NSF Awards: 0918744
2015 (see original presentation & discussion)
Grades 9-12
This is a research project funded by the National Science Foundation to Texas State University. The project involved conducting repeated randomized control trials of an approach to high school geometry that utilizes Dynamic Geometry (DG) software and supporting instructional materials to supplement ordinary instructional practices. The study compared effects of the intervention with standard instruction that did not make use of computer drawing tools. The basic hypothesis of the study was that the use of DG software to engage students in constructing mathematical ideas through experimentation, observation, data recording, conjecturing, conjecture testing, and proof results in better geometry learning for most students. The study tested that hypothesis by assessing student learning in 64 classrooms randomly assigned to treatment and control groups. Student learning was assessed by a geometry standardized test, a conjecturing-proving test, and a measure of student beliefs about the nature of geometry and mathematics in general. Teachers in both treatment and control groups received relevant professional development, and were provided with supplemental resource materials for teaching geometry. Fidelity of implementation for the experimental treatment was monitored carefully. Data obtained for answering the research questions of the study were analyzed by appropriate HLM models and qualitative methods. Results have provided strong evidence about the effectiveness of the DG approach in high school teaching; evidence that can inform school decisions about innovation in that core high school mathematics course.
Jackie DeLisi
Research Scientist
Interesting project. Did students in the control classrooms have other types of hands-on and engaging opportunities to explore the same mathematical content?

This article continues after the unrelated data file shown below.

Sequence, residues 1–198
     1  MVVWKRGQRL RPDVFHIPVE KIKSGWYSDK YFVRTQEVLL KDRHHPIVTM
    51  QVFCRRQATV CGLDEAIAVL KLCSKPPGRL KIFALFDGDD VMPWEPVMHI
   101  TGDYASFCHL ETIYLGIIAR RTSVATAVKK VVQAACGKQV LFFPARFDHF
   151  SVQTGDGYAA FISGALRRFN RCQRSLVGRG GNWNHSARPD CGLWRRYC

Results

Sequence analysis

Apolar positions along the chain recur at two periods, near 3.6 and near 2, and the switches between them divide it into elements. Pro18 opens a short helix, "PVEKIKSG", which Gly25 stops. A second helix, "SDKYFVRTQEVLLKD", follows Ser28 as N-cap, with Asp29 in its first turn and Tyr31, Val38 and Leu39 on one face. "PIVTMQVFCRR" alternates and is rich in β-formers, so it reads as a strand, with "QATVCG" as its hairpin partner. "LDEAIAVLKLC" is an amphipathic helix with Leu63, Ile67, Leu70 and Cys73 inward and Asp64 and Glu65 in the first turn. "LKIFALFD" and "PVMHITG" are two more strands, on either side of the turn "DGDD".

Brittany Webre
Doctoral Research/Instructional Assistant
Yes, the control teachers engaged their students in the exploration of the same mathematical content by using patty paper, compass and rulers, protractors, Geoboards, Smartboard flash tiles, games, and/or student journals.
Ben Sayler
Professor of Physical Science and Mathematics
Interesting indeed!
I was struck by what I think i understood to be referred to as " lecture through activity-based methodology" as description of the Control Group pedagogy. Did I get that right? If so, could you elaborate?
I’m also interested more generally in what differences were observed between CG and DG in terms of classroom instruction.
I’m also curious if you calculated a Cohen’s effect size. I understand that the effects were statistically significant, but ’m not familiar enough with HLM to know if they were large or small or somewhere in between at each of the levels.
Thanks!!
Sharon Strickland
Whoops! I can’t edit now, but I accidentally addressed part of your question in a new post below rather than as a reply.
Ben Sayler
Professor of Physical Science and Mathematics
Excellent – thanks for describing the business as usual instruction below.
Randy Kochevar
Senior Research Scientist
This seems like a really robust study – well done! I’d love to hear your thoughts on what key principles you would take from this project, to apply to other computer-assisted learning programs.
Sharon Strickland
I’ll let other team members share their “take-aways” (and I might add more later myself). I tend to think a lot about structural features of the implementation. Firstly, we had district-level and school-level buy in from administration and that helped as principals often worked to schedule the labs for the teachers and request the software get loaded to machines. I suspect it also helped alleviate some fears that teachers might have had about trying new things and worrying supervisors might not agree with the DG approach. I also think PD mattered. Specifically, that the teachers used actual lessons they could later teach during their technical software training. Also, that there were many lesson plan supports right up front as well as spaced throughout the year.
Sharon Strickland